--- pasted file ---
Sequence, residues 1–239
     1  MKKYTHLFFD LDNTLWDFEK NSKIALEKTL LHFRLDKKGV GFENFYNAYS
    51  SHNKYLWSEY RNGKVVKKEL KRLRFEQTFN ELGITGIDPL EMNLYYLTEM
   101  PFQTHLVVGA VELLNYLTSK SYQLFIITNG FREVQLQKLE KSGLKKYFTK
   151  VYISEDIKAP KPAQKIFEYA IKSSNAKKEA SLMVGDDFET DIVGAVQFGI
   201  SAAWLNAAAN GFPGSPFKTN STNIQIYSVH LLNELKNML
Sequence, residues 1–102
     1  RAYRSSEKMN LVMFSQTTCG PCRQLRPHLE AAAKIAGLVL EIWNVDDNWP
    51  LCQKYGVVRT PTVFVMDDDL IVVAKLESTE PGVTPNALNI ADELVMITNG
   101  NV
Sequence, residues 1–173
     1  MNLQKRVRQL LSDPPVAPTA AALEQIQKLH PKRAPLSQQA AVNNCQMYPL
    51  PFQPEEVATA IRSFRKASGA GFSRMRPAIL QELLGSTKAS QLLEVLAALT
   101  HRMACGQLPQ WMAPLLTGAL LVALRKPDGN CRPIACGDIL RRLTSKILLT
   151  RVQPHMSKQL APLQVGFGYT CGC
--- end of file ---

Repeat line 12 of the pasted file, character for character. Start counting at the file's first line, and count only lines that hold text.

     1  MNLQKRVRQL LSDPPVAPTA AALEQIQKLH PKRAPLSQQA AVNNCQMYPL